"If it will help, I can always throw an international security umbrella over the work," Jeri offered.

"No!" Kafan snapped, jumping to his feet.

Jeri looked uncertainly at him, aware of his capabilities. "Why the panic?"

"Control yourself, Raiakafan," Verne said.

He closed his eyes, opened them again. "Because any such move would make it look like the governments are getting interested directly. The very last thing any of them want is for humanity, or its governments, really taking a deep look into these things. That's why you and your agency are all going to be dead sometime soon." He said the last line in the same way I might have said "I'll be ordering pizza for dinner tomorrow"—a casual statement of fact, impersonal but inarguable. "Your people ride the edge, and Carruthers' signal just means that he's marked you down as needing his attention, or that of some of the other surviving forces. If you start doing things officially, you could end up with them deciding that maybe the whole world's getting too close to the truth, and then they'd have to start a war or something."

"A nuclear war would definitely be interfering with my life," I pointed out, half-joking. I really didn't like considering this entire shadow war thing right now.

To my surprise, Kafan and Verne seemed to take the idea at least somewhat seriously. "You may have something of a point, jesting aside," Verne said. "Carruthers' own projects would be unlikely to survive an extreme sanction against the world order, and so he would have a vested interest in promoting maximum tolerance. Still, I agree with Kafan that unless there is no other choice, overt involvement of any intelligence agencies in such matters would be playing with fire."

"Hey, just offering," said Jeri. "And unless these Demon thingies do still have the power to reshape the world, don't be counting us out, Mr. Raiakafan Tai Lee Ularion Xiang. If someone does come gunning for us, you can bet they'll know they've been in a fight."

Kafan nodded to her, a mark of respect if not agreement.

I got up, leaving Syl on the recliner, and picked up the phone.

This time I had to contact her at the University, but she was available—preparing a paper on some of the finds.

"Mr. Wood!"

"Yes. Nice to speak to you again, Ms. Gennaro. Your information was invaluable."

Her voice was just slightly tense—she was trying to be relaxed, but not quite succeeding. "Please call me Mandy. So what exactly happened?"

"You can call me Jason, then. There was a series of murders happening in Florida . . ." I gave an expurgated version of events, leaving out things like werewolves, my bargain, and so on. " . . . And so I was finally able to kill it off. Some of this you might see on the news soon, even though there was a heavy lid clamped on it at first."

She was silent for a few moments. "So . . . you're saying that this 'Maelkodan' was inside that casket we brought aboard?"

"Yes," I answered. "And you were right, of course; Dr. O'Connell never left your ship. The Maelkodan killed him when it emerged. It, like the Wolves, gains a great deal of the knowledge of its victims, at least temporarily, so it was able to figure out a way to at least temporarily leave a false trail."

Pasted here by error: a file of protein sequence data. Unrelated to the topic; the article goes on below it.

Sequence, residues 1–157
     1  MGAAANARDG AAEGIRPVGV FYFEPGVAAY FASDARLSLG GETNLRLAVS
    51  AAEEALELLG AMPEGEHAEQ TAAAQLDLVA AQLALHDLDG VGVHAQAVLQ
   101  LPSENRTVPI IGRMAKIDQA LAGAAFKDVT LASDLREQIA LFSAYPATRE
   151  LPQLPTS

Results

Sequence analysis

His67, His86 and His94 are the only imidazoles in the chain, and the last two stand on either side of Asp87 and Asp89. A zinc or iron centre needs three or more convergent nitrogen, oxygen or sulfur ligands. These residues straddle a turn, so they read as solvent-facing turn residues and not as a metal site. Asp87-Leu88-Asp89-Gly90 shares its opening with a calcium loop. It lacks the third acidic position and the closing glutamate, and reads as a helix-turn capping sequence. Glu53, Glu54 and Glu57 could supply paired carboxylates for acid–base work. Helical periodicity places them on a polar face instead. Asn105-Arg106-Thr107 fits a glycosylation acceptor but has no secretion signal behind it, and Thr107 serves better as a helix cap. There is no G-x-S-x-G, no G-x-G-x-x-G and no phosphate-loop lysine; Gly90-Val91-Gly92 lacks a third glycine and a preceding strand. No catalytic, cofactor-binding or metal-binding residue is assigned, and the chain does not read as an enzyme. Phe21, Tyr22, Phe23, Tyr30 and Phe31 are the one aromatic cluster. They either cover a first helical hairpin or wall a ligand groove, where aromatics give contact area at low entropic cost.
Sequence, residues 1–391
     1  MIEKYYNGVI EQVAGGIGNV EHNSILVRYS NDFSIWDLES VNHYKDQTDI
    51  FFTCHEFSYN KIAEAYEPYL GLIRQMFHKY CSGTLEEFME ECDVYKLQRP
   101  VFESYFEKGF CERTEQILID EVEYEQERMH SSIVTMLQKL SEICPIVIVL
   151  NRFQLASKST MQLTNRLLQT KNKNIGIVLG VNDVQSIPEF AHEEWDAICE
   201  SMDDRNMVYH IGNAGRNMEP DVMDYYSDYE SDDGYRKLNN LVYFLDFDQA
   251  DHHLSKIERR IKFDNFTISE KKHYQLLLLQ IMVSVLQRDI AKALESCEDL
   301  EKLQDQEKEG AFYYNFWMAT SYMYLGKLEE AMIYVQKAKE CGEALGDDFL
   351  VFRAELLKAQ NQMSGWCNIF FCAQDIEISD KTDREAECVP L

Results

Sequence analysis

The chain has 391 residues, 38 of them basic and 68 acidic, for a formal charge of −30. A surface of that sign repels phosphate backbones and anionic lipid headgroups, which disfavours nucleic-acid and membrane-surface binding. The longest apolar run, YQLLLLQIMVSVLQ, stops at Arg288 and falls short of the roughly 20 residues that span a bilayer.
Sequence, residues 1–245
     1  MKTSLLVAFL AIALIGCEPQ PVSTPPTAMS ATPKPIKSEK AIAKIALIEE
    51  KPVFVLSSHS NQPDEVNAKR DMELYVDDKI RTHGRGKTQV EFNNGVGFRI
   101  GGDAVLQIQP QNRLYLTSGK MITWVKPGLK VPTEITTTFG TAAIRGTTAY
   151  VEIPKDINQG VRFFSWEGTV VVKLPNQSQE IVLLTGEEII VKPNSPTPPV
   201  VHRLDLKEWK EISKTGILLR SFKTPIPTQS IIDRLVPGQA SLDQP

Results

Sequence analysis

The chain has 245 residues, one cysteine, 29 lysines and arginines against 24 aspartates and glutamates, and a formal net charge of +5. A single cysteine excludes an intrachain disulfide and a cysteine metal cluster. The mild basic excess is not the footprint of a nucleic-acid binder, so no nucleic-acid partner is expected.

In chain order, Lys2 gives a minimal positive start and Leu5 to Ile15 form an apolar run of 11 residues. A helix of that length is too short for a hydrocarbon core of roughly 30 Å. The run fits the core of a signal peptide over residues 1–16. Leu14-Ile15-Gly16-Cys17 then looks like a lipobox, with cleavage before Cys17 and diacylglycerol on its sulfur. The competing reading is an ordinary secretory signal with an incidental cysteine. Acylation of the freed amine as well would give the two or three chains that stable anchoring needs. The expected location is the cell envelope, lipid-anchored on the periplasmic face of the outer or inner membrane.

"How horrid." I could almost hear a little shiver in her voice. "If it weren't for the Morgantown material, I'd think this was insanity. But . . . when we opened the casket there were some odd traces that we didn't quite know what to make of. Any dating we do on the casket is of course questionable at this point, it having been out of controlled conditions when it was opened. We have a few other items from the same dig, however, so we are hopeful that we may be able to date it, at any rate—the results on the casket aren't reasonable."

I took a deep breath. "Mandy, I also have to give you a warning."

"A . . . warning, Mr. . . . Jason?"

"I can't—nor would I—try to tell you not to continue your line of research. However, I do have to caution you; you've heard the old expression 'Things Man Was Not Meant To Know,' of course?"

She gave an uncertain chuckle. "Um, yes . . . ?"

"I never gave much credence to that idea myself, but as it turns out, there are some things that . . . well, not to go into detail, but Things That Put Man Or Woman In Real Danger If They Know. Your research has just uncorked one nasty genie from a bottle; there are worse genies—some of them forces that just don't want certain things known. Think paranoid. Then think worse. I'm already in the soup, so to speak—there's no way for me to reduce my danger."

"And is there for me—aside from abandoning these sites, which I really cannot imagine doing?"

"I'm not sure. Legitimate archaeological work can't be stopped, after all, and even if you did stop on my vague say-so, someone else would surely try their hand."

She was quiet for a moment. "Is the danger in question other things like this Maelkodan, or are you more referring to just the fact of our knowing and publishing certain things?"

"The latter more than the former, although as we have both discovered, the former isn't to be discounted."

She thought for another few moments. "Mr. Wood, could you, personally, recognize these dangerous elements if you saw them?"

"I think so," I answered cautiously. In point of fact, I could probably recognize most dangerous subjects, and with Verne and Raiakafan to back me up . . . "Yes, I could."

"Then perhaps this would at least minimize the risk; in view of this bizarre discovery, I could recommend to the Board that you be hired—if willing—as a consultant, who will examine finds for potential risks that lie outside of our normal expertise. In this way we would be able to pass material found at the sites in question to you for advice on how best to handle it, and you would be able to determine what time bombs—informational or actual—we may have unearthed."

I felt my interior tension ease some. Mandy Gennaro was clearly a smart cookie, and willing to listen. "That sounds excellent, Mandy. You can count on me. Obviously I'd try to reject as little as possible—and the final call would still be yours. I'll work on getting together a risk assessment methodology, so that you can make informed risk decisions."